It has been an uphill journey for the past 11 years, and that’s okay. Only in the past 3 have I truly made peace with who I truly am as a performer, and acknowledged that I had a form of cerebral palsy as an actor. It has never hindered me, but before that time, it was never on my resume. I was afraid. I was a afraid of losing roles, of being judged, but mostly, I think I was afraid to be myself. Having CP doesn’t define me, but it will always be a part of me. In not acknowledging it, I was denying part of who I am both emotionally and physically. That’s not to say I didn’t know where I stood in the industry. I’ve always known I was a supporting player. I am a character actor, and to be honest, it took me about 10 years to grow into my “type.” But, I did it. Over the past year, I’ve worked on several TV shows, including the Marvelous Mrs. Maisel on Amazon, and an upcoming season of a popular show in a recurring role. I remember talking with the writer and producer of my second episode who said that she loved my work, and had to have me back for a second time. At the end of the day, she came up to me and thanked me, and I did the same. Then, I stated how much it meant to me to work with her because I was an actor with a mild form of cerebral palsy. It was a joy to work with everyone, really. We were both teary-eyed and hugged, and she said it was a pleasure to work with me regardless. She still loved the work. That meant a lot. She didn’t notice anything “wrong” or different. It was, in her mind, just unique, and she even said that. My work is unique.

My mentor, and director of a play I performed in 10 years ago, Eileen Galindo, said to me, “Having CP is a gift for you. It’s an asset. It makes you so unique. No one is going to bring to the table what you bring. You are who you are, and that’s amazing.” She’s right. It has taken me 33 years to realize it, but I am finally at peace with who I am as a person which in turn has helped me blossom as an actor. Go figure. #FollowYourDreams #LiveYourDream

10 Years Later… #NYC #Career #WorkingActor

10 years ago, my father and I drove to NYC from Massachusetts. The Tom Tom GPS in my father’s car took us to the opposite side of the city, but we eventually made it to the apartment that I sublet-ted for 3 months, unpacked my weird luggage that I managed to fit into about 5 Spacebags within 2 suitcases, and said goodbye. I thought I was only going to be in the city for the duration of the summer program at Circle in the Square Theater School. I was wrong. Boy, was I wrong.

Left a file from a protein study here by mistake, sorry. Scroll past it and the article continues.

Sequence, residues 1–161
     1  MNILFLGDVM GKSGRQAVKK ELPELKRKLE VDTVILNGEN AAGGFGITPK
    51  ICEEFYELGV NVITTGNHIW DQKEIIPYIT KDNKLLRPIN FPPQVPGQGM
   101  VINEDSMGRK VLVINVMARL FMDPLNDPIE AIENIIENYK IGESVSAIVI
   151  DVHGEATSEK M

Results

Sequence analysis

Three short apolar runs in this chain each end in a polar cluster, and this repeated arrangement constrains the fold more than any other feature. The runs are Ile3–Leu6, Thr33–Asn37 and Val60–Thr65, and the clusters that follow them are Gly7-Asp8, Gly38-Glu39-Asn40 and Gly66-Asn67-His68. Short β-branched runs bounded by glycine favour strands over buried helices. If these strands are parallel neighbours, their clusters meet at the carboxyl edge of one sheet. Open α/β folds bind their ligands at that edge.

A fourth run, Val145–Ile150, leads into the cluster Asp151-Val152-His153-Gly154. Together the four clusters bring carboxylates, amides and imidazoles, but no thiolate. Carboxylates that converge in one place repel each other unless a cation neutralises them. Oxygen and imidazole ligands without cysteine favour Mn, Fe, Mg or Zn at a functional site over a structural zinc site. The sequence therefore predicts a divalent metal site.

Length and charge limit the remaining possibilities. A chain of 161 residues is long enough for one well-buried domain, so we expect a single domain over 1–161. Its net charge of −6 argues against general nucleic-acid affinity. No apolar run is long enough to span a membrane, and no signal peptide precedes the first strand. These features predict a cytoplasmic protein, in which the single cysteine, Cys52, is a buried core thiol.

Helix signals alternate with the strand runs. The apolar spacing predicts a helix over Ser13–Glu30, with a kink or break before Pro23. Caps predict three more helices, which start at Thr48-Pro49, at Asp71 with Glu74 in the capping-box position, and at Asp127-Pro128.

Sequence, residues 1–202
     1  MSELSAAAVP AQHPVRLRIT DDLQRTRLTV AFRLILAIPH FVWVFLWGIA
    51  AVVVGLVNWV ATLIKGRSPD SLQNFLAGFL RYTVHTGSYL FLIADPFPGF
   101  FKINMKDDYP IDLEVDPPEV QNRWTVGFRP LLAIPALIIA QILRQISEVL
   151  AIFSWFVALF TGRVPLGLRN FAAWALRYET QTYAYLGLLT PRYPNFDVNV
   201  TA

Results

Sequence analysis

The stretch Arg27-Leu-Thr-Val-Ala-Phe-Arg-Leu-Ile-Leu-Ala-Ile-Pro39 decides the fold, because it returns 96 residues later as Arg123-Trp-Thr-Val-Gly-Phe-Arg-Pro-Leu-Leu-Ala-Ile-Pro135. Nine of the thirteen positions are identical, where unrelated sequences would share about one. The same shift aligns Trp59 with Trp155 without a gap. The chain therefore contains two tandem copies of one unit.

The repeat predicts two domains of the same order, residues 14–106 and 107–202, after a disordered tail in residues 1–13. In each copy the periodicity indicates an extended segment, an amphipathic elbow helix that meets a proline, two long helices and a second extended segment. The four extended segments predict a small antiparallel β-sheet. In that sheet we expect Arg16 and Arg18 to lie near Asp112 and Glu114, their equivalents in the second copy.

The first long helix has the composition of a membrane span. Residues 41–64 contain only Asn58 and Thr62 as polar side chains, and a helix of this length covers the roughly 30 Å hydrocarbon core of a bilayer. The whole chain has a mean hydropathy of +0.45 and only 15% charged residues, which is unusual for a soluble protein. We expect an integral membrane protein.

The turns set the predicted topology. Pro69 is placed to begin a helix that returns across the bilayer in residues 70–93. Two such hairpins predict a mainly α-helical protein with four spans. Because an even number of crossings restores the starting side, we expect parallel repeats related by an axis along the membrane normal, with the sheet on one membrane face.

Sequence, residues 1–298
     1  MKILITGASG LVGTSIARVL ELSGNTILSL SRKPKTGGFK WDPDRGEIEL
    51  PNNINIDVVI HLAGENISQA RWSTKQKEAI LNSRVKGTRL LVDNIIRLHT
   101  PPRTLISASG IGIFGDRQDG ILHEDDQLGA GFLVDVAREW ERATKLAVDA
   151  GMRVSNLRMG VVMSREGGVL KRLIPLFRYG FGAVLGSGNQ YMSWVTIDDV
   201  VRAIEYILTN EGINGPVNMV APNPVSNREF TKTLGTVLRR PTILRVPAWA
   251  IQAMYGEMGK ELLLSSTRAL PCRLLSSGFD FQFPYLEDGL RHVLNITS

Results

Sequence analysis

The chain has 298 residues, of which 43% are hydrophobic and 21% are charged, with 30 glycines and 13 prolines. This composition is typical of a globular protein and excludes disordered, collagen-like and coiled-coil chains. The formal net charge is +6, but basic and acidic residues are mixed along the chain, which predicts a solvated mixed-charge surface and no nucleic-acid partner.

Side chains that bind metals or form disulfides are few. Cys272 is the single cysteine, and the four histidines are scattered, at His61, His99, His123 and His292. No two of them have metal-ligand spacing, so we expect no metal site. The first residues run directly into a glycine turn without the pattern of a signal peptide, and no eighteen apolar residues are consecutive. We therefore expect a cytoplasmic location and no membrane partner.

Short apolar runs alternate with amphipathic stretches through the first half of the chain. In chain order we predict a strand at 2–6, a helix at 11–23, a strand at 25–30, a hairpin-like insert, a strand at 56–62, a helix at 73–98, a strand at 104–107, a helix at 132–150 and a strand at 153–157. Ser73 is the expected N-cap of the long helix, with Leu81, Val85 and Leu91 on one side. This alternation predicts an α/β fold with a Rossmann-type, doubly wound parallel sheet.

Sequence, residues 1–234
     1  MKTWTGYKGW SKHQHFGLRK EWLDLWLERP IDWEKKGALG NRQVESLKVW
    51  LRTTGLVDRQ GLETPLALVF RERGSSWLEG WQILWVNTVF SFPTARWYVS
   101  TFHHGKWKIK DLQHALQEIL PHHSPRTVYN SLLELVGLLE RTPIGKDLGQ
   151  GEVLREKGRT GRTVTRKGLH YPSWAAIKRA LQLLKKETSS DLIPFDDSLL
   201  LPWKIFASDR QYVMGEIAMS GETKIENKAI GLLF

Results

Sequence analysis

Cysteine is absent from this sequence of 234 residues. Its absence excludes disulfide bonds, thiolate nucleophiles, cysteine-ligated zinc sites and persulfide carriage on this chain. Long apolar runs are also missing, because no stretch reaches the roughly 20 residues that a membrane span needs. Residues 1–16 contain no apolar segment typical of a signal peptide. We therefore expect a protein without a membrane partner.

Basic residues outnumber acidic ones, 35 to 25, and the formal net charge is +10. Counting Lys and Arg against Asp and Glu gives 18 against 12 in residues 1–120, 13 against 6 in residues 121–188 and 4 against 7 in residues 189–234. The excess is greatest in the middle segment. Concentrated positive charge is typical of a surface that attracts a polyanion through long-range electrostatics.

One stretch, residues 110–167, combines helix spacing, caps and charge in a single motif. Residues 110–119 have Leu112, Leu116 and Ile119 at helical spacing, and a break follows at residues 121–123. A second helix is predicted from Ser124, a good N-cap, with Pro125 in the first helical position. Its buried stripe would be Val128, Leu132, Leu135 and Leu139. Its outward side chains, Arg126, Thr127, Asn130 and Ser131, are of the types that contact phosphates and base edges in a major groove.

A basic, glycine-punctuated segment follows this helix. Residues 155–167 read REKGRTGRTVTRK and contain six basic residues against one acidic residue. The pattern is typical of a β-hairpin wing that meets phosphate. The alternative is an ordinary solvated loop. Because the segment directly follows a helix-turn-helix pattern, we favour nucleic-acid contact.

I started with small projects, background work, independent, low-budget, non-union work for no-pay and long hours. I got a survival job that provided health insurance, flexible hours, and place that has supported me to this day (although, let’s change that soon, shall we?) I paid my initial “scraping at the bottom of the barrel” dues. Unlike some people who seem to find a trajectory and aim high fast and early, my pounding the pavement has taken literally 10 years (almost to the day).

Before I moved to NYC, I got my first headshots back when they used both color AND black & white. And while the color one was usable, the black & white one was all sorts of wrong and will probably end up on some weird website of actors horrible headshots or something. I was trying to fit into a box that wasn’t meant for me. I was trying to be someone I thought the industry wanted me to be.

For years after moving to the city, I went to every single open call, and worked on every single independent thing I could get my hands on, whether it was for theater or film. I did background work on TV as a human prop, and I’ve learned from all of it. I’ve watched Oscar winners prep for scenes, I’ve watched background actors ruin shots that took far too long to set up. I’ve learned from every weird, what would seem silly experience I’ve had. Does that mean I won’t have weird and silly experiences to come? No. But, I finally feel like I’m at a place in my career that isn’t stagnant. I’m not dead in the water. I feel like I’m finally going somewhere and it feels good, and I am forever grateful.

It took me almost 10 years to secure representation. I heard so many “No’s” and “You’re too weird” that I was beginning to believe that I didn’t belong at all. I started freelancing with my manager and my agent around the same time for about a year and half before I officially signed with each of them. 10 YEARS. Now, let me preface this by saying, I’m an odd duck. I don’t fit into that mold I was trying to cram myself into for all those years. I’m just me. I needed to find the right people who accepted me for the quirky gal that I am. Thank goodness that my manager and agent saw something. I am so grateful. Over the past year and a half, I have been slowly stepping up my game, auditioning for bigger and bigger projects, casting directors, etc. I wrote a solo show, performed said solo show, and can’t believe I actually told my story.